Harvard Administrators Admit to More Email Searches

Administrators apologized to the faculty Tuesday.

Harvard administrators admitted that their search of resident deans’ email accounts last fall, which angered the faculty when it became public last month, was actually broader than first acknowledged. Harvard President Drew Faust also apologized to faculty for the way the administration handled notification about the searches.

Harvard College Dean Evelynn Hammonds said at a faculty meeting that she authorized a search of two e-mail ­accounts belonging to the resident dean who had forwarded a confidential message about last year’s cheating scandal, reports the Boston Globe. The administration was looking to see whether the dean had corresponded with two Harvard Crimson reporters who reported on the confidential message. Previously, administrators said they had searched only the resident deans’ administrative email accounts and only for subject lines. Hammonds said her story changed because of “my failure to recollect the additional searches.” while Hammonds said she deeply regretted the poor notification.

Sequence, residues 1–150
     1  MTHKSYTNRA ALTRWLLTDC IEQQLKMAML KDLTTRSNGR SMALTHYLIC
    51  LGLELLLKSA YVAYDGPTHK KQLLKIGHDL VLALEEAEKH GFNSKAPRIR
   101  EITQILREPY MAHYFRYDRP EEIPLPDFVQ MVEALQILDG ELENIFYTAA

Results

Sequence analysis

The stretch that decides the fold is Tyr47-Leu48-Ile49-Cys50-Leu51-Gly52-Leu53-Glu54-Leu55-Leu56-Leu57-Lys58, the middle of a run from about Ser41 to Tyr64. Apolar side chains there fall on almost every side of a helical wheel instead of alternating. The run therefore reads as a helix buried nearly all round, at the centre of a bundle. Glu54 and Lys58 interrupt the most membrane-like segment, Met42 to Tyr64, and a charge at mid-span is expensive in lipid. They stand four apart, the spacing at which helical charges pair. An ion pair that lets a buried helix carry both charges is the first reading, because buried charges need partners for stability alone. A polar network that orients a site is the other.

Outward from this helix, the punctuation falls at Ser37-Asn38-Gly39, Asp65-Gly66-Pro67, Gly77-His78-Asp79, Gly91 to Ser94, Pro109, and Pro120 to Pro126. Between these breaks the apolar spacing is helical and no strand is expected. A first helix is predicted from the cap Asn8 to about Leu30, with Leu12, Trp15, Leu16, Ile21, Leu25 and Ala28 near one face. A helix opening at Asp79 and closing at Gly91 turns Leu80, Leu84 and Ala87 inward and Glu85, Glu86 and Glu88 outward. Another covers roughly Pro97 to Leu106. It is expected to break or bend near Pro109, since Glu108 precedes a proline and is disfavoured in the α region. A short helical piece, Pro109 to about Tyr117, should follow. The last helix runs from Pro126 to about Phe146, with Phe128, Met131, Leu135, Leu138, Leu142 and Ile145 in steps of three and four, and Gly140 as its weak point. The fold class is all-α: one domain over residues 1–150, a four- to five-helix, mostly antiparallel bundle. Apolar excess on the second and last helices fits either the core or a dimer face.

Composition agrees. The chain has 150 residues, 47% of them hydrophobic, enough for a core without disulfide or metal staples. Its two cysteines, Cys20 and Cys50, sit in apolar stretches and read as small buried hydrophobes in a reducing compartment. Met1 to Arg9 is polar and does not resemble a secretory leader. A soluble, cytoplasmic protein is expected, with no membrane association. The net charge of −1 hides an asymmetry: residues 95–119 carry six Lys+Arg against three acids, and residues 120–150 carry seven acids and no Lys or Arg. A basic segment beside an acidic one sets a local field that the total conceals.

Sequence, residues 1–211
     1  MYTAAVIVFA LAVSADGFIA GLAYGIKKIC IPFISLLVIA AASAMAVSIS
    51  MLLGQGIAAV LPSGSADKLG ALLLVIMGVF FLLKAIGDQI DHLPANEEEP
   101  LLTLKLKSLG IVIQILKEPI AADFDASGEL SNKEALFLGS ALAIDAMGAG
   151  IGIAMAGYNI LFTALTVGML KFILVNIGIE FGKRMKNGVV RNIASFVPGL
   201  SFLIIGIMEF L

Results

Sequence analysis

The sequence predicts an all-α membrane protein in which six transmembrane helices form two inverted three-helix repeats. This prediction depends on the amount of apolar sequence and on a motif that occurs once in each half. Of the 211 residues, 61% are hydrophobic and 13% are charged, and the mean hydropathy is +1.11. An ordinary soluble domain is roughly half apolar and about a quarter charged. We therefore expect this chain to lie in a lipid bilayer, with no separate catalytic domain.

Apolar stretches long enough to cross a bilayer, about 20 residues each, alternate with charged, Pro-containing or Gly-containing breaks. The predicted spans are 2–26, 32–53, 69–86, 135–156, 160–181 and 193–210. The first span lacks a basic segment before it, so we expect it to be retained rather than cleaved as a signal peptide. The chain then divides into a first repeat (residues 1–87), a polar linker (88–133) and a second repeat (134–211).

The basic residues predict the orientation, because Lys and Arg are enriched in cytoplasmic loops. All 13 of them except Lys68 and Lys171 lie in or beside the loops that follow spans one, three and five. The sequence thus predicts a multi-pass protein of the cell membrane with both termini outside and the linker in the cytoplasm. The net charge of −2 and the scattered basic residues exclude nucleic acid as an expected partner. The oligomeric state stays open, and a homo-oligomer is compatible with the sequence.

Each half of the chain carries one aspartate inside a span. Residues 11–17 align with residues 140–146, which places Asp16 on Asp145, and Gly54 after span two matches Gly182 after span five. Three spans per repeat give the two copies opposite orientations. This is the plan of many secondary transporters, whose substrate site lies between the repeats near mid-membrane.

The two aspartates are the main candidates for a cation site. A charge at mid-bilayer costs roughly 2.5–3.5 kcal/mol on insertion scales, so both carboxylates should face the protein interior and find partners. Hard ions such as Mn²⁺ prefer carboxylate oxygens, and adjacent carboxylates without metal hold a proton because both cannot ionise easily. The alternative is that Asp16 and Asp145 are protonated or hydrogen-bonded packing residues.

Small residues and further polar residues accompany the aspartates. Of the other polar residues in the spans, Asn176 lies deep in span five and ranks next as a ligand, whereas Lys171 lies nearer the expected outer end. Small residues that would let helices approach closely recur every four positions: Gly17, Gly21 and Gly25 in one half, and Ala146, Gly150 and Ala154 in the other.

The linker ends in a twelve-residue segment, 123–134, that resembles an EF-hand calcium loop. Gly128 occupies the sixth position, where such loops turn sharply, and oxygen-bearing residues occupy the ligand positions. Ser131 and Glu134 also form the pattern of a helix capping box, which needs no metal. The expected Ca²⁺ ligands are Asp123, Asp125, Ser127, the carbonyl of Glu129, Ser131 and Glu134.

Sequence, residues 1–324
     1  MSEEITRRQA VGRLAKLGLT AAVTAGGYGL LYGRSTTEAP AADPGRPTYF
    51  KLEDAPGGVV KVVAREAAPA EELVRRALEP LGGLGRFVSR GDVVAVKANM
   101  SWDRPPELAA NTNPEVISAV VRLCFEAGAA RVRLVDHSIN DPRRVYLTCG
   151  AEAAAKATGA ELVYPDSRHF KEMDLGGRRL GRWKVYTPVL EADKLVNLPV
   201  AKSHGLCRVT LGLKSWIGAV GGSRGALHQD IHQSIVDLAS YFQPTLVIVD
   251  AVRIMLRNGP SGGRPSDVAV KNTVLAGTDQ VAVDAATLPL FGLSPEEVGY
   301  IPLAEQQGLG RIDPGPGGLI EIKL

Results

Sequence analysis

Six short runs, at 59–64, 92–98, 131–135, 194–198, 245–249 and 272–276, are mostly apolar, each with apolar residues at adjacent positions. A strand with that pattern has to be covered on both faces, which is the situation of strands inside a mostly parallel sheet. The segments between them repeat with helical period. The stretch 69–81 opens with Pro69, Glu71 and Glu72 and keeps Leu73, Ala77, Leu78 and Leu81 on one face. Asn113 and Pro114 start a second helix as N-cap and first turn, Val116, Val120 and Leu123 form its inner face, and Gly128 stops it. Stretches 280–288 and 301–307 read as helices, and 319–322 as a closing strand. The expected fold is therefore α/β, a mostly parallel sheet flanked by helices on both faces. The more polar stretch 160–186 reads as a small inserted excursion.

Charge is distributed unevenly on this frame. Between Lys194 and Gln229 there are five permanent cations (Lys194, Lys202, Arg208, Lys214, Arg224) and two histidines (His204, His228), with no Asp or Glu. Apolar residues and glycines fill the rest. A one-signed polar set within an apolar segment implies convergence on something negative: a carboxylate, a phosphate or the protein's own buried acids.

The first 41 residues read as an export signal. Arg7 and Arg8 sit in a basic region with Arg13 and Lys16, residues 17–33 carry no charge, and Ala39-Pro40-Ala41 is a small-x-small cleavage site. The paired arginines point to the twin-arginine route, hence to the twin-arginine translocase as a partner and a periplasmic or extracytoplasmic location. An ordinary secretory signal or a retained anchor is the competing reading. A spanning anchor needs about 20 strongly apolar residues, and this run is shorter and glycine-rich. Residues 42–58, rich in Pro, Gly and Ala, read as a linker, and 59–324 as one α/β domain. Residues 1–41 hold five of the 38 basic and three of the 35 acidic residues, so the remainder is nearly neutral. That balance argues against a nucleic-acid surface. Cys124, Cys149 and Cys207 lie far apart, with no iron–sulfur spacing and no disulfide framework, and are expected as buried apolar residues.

Faust noted at the meeting that “different choices should have been made,” (Passive voice!) “It constitutes a significant institutional failure to provide adequate guidance and direction in a digital environment that is a powerful and rapidly changing force in all our lives,” Faust told the faculty, according to Bloomberg News. “We need clear, visible, and well-articulated polices and processes.”

Faust said she’ll create a task force to look into policies on e-mail privacy and will ask a lawyer to verify information about the previous searches.